HTML and CSS Reference
In-Depth Information
In this chapter, you created a two-dimensional map editor from scratch for tile-based map fields. This application
is not far from actual game production. You have made a lot of progress, and now you know how to generate maps
consisting of several layers (though you used two layers only), attach sprites, and make a correspondence between
object types and sprites. You have learned a simple way of organizing a camera. The final result is a miniapplication
for map editing, which you can use for enriching your games.
Here are some suggestions on how to make this editor of real value in your game application:
Separate the map into chunks, render them separately, and cache chunks that were not
changed in the offscreen buffer.
Unload chunks that are too far from the camera-view rectangle. That way, the editor will work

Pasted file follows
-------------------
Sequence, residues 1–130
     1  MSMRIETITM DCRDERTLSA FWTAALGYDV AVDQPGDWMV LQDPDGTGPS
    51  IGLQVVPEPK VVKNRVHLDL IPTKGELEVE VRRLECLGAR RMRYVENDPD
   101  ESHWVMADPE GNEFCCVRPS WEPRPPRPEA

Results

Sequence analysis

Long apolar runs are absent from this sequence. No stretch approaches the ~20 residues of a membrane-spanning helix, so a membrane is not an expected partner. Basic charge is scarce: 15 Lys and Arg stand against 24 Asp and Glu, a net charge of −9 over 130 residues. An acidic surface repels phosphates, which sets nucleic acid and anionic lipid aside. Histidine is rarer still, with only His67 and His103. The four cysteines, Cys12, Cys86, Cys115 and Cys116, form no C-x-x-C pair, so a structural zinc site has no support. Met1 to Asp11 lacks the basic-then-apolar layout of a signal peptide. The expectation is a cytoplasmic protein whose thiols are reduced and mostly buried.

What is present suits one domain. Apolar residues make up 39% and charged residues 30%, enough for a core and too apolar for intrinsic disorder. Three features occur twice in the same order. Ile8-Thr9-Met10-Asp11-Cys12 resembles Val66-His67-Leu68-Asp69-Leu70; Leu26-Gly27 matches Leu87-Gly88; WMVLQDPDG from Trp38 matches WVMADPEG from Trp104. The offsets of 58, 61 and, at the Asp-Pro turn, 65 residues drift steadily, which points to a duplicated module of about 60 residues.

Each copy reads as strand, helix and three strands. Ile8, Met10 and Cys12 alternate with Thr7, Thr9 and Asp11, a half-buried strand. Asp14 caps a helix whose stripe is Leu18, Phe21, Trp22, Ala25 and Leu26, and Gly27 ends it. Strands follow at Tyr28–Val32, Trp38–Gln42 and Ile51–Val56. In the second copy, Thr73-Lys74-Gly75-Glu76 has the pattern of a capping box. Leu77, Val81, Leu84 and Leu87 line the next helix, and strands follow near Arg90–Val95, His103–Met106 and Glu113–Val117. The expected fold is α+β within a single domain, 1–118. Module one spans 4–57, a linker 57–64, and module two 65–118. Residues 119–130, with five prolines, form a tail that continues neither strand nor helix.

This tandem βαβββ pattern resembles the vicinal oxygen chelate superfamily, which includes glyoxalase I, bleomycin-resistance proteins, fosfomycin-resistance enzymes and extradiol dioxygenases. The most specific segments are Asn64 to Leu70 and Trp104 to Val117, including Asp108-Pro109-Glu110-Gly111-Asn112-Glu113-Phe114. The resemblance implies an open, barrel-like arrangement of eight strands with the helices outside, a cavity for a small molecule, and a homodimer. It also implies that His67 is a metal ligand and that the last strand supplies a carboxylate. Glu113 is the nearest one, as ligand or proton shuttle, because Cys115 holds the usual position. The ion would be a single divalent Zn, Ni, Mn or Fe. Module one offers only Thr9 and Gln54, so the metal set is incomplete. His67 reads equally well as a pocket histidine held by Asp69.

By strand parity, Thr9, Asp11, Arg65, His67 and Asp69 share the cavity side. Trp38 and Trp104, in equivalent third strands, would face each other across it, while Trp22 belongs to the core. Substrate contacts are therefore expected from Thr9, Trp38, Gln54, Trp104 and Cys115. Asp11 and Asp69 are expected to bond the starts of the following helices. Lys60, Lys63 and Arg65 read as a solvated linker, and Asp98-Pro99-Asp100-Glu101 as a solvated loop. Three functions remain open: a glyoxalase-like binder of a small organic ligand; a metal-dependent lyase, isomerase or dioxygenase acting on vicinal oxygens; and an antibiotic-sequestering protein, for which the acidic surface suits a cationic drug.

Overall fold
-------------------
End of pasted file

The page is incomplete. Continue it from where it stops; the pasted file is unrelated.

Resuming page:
with big maps.
Load chunks by network. Multiplayer sandbox game—yay!
Add a touch events handler.
Add game logic, for example, redstone logic, from Minecraft. To do this, you will need a new
layer that can store data for tiles containing advanced logic. For redstone, it should be power
level; for switches, you will need on/off enumeration.
Add entities and simple physics for colliding with solid tiles—RPG Maker, yay!
Create hexagonal autotiles.
Euclidean space is boring—use hyperspace to create a hyperrogue game!
Go in three dimensions, and make a voxel-based game.
Make an 80286 computer with redstone.
Using your knowledge from Chapter 6, make an HTML5 massively multiplayer online (MMO)
Deploy your application on a cloud server (for example, Heroku).
Conquer the world with your multiplayer sandbox of awesomeness!
And . . . may the Force be with you!
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